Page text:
PowerShell ConvertTo-Html

PowerShell ConvertTo-Html Cmdlet

When testing PowerShell's ConvertTo-Html cmdlet, the best way of making sense of the output is if you employ Invoke-Item to view the resulting web page.

Topics for PowerShell's ConvertTo-Html

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Introduction to ConvertTo-Html

ConvertTo-Html feeds on input from another PowerShell cmdlet; the output is displayed in a web page.  Your alternatives are to save the data in a text file, in which case you would employ Out-File, do nothing and display the data in the PowerShell ISE, or call for ConvertTo-Html.

Example 1: List Aliases in a HTML file

The purpose of this script is to simply list PowerShell's aliases in a web page.

# PowerShell ConvertTo-Html Example
Clear-Host
Get-Alias | ConvertTo-Html -property Name, Definition |
Out-File aliases.htm
Invoke-Item aliases.htm

Note 1:  I decided to restrict the output columns to just the alias's name and its definition.

Note 2:  ConvertTo-Html needs a file name; I used Out-File, but you could use the greater than arrow  > to redirect the results.

Note 3:  As I really wanted to view a table of cmdlets with their corresponding alias, I called for Invoke-Item to open the .htm file.

Note 4:  There is no need to employ the backtick (`) to word-wrap the instruction to Out-File; if you place a pipe (|) at the very end of the line PowerShell realises that the command continues on the next line.

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Example 2:  Research Processes and Their Handles

The key to this example is tracing the processes, see how ConvertTo-Html filters just then name and handles.  If you want to research other properties then run this command:
Get-Process | Get-Member.

# PowerShell ConvertTo-Html Cmdlet
Clear-Host
Get-Process | ConvertTo-Html ProcessName, Handles | Out-File handles.htm
Invoke-Item Handles.htm

Note 5:  In this ConvertTo-Html example the -property parameter is assumed.

See also PowerShell's Invoke-WebRequest ยป

Example 3:  Turning on the Html Style

The purpose of this example is to use html formatting to produce grid lines and even a background color.

Clear-Host
$a = "<style>"
$a = $a + "TABLE{border-width: 1px;border-style: solid;border-color:black;}"
$a = $a + "Table{background-color:#DFFFFF;border-collapse: collapse;}"
$a = $a + "TH{border-width:1px;padding:0px;border-style:solid;border-color:black;}"
$a = $a + "TD{border-width:1px;padding-left:5px;border-style:solid;border-color:black;}"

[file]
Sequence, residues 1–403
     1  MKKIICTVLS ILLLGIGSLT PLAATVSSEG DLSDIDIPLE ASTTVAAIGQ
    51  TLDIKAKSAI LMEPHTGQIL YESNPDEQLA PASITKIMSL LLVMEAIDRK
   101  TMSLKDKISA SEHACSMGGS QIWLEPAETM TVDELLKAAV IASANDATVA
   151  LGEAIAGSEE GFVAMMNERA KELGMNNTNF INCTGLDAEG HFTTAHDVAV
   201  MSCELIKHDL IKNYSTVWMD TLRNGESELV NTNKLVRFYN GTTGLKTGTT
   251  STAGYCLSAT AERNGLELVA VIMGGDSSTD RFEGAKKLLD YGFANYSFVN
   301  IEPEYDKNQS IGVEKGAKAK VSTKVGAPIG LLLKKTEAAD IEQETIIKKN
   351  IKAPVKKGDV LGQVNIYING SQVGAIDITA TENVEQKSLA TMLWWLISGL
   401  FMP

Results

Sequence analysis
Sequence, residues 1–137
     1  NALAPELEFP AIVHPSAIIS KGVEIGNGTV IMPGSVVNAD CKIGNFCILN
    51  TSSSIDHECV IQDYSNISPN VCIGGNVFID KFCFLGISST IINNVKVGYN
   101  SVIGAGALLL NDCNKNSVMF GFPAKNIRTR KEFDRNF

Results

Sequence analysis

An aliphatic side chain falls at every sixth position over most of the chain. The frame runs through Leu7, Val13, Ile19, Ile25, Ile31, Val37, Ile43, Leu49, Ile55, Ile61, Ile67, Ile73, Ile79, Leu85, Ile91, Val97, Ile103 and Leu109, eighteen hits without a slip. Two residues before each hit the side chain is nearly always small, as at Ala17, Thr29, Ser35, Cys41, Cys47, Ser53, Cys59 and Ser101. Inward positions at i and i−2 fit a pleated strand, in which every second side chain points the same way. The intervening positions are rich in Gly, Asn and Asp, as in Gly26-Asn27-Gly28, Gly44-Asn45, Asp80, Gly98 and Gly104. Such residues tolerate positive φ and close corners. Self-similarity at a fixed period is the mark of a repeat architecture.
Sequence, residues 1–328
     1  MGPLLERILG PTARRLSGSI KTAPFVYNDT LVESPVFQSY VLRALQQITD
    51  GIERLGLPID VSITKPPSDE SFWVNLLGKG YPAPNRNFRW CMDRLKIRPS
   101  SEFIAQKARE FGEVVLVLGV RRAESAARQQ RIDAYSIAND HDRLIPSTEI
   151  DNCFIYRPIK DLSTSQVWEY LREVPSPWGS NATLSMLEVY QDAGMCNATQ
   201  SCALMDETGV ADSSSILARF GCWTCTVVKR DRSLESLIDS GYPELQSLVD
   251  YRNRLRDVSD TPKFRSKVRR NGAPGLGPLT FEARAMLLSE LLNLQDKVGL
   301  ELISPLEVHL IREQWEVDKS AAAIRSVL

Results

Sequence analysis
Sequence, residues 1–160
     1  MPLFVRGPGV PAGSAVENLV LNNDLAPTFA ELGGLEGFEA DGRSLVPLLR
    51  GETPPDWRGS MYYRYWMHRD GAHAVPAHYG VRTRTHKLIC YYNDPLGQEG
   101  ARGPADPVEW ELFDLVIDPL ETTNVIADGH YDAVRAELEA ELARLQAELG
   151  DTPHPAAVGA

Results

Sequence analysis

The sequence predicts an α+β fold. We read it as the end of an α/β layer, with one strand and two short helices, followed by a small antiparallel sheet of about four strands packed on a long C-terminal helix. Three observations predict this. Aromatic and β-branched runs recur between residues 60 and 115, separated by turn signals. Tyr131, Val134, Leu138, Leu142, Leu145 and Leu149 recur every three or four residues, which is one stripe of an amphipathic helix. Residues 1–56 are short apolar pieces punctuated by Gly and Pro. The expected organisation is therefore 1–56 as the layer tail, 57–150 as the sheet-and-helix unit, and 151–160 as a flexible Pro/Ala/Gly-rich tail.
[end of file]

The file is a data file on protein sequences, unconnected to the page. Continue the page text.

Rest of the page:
$a = $a + "</style>"
Get-Process | ConvertTo-Html ProcessName, Handles -head $a | Out-File handles.htm
Invoke-Item Handles.htm

Note 6:  Observe how the -head parameter controls the formatting via the $a variable.

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Research ConvertTo-Html Parameters

# Research ConvertTo-Html Parameters
Clear-Host
Get-Help ConvertTo-Html -full

Note 7:  PowerShell's own Get-Help cmdlet reveals useful switches or parameters, for instance you can modify ConvertTo-Html's default table view with the parameter -as List.  While most of the parameters are cosmetic, the -properties performs a useful filtering function.

More Members of the ConvertTo Family

# Research More ConvertTo Verbs
Clear-Host
Get-Command -Verb Convert*

Other useful cmdlets in this family include ConvertFrom-Csv.

See also honorary member Export-CliXml »

Summary of PowerShell's ConvertTo-Html Cmdlet

Once you have tried ConvertTo-Html you will see if this cmdlet is just what you need, or if Out-File or Out-Grid would be better.  In my opinion if you choose ConvertTo-Html then mostly you will need to append the Invoke-Item parameter to display the actual web page.

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See more Microsoft PowerShell output tutorials:

PShell Home   • Out-File   • Out-GridView   • ConvertTo-Csv   • ConvertTo-Html   • ConvertFrom-Csv

Tee-Object   • Import-CSV   • Format-Table   • PowerShell Here-String  • ConvertFrom-JSON

Export-CliXml   • Format-List   • Read-Host    • PowerShell Get-History   • -f format   • Pipe to file

Please email me if you have a better example script. Also please report any factual mistakes, grammatical errors or broken links, I will be happy to correct the fault.

 

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